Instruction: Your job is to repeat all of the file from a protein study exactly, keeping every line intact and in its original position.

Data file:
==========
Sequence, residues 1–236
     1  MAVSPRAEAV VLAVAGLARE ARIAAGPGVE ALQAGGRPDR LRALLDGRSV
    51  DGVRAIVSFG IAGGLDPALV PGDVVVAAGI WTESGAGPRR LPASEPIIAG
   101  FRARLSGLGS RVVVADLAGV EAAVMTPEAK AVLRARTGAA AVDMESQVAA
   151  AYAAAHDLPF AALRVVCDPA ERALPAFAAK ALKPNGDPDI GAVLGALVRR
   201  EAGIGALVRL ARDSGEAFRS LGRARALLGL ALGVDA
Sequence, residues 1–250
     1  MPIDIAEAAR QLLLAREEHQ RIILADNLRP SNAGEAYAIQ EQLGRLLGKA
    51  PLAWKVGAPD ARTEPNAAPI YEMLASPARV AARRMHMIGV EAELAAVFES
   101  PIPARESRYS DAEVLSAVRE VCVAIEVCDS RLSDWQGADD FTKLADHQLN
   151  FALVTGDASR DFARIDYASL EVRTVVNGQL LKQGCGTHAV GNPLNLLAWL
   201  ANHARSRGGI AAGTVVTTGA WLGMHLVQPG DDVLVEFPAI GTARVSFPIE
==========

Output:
Sequence, residues 1–236
     1  MAVSPRAEAV VLAVAGLARE ARIAAGPGVE ALQAGGRPDR LRALLDGRSV
    51  DGVRAIVSFG IAGGLDPALV PGDVVVAAGI WTESGAGPRR LPASEPIIAG
   101  FRARLSGLGS RVVVADLAGV EAAVMTPEAK AVLRARTGAA AVDMESQVAA
   151  AYAAAHDLPF AALRVVCDPA ERALPAFAAK ALKPNGDPDI GAVLGALVRR
   201  EAGIGALVRL ARDSGEAFRS LGRARALLGL ALGVDA
Sequence, residues 1–250
     1  MPIDIAEAAR QLLLAREEHQ RIILADNLRP SNAGEAYAIQ EQLGRLLGKA
    51  PLAWKVGAPD ARTEPNAAPI YEMLASPARV AARRMHMIGV EAELAAVFES
   101  PIPARESRYS DAEVLSAVRE VCVAIEVCDS RLSDWQGADD FTKLADHQLN
   151  FALVTGDASR DFARIDYASL EVRTVVNGQL LKQGCGTHAV GNPLNLLAWL
   201  ANHARSRGGI AAGTVVTTGA WLGMHLVQPG DDVLVEFPAI GTARVSFPIE